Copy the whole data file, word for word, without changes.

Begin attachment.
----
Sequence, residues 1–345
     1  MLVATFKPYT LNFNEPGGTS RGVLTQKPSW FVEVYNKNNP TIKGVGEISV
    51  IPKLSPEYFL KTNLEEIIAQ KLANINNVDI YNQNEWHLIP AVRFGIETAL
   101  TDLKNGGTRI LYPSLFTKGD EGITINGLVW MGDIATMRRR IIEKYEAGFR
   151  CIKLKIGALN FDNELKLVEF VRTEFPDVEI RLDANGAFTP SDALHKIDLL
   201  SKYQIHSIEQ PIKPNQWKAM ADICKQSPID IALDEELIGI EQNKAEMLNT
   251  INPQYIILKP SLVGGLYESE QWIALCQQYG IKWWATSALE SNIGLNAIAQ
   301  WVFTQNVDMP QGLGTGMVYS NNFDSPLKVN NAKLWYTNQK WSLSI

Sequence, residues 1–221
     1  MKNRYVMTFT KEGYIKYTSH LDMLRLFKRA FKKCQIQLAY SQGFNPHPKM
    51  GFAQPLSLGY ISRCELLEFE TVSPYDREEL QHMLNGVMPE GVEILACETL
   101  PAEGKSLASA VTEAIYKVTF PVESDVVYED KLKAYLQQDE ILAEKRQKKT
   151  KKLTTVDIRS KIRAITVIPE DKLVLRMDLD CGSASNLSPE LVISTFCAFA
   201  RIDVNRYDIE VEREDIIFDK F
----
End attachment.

Sequence, residues 1–345
     1  MLVATFKPYT LNFNEPGGTS RGVLTQKPSW FVEVYNKNNP TIKGVGEISV
    51  IPKLSPEYFL KTNLEEIIAQ KLANINNVDI YNQNEWHLIP AVRFGIETAL
   101  TDLKNGGTRI LYPSLFTKGD EGITINGLVW MGDIATMRRR IIEKYEAGFR
   151  CIKLKIGALN FDNELKLVEF VRTEFPDVEI RLDANGAFTP SDALHKIDLL
   201  SKYQIHSIEQ PIKPNQWKAM ADICKQSPID IALDEELIGI EQNKAEMLNT
   251  INPQYIILKP SLVGGLYESE QWIALCQQYG IKWWATSALE SNIGLNAIAQ
   301  WVFTQNVDMP QGLGTGMVYS NNFDSPLKVN NAKLWYTNQK WSLSI

Sequence, residues 1–221
     1  MKNRYVMTFT KEGYIKYTSH LDMLRLFKRA FKKCQIQLAY SQGFNPHPKM
    51  GFAQPLSLGY ISRCELLEFE TVSPYDREEL QHMLNGVMPE GVEILACETL
   101  PAEGKSLASA VTEAIYKVTF PVESDVVYED KLKAYLQQDE ILAEKRQKKT
   151  KKLTTVDIRS KIRAITVIPE DKLVLRMDLD CGSASNLSPE LVISTFCAFA
   201  RIDVNRYDIE VEREDIIFDK F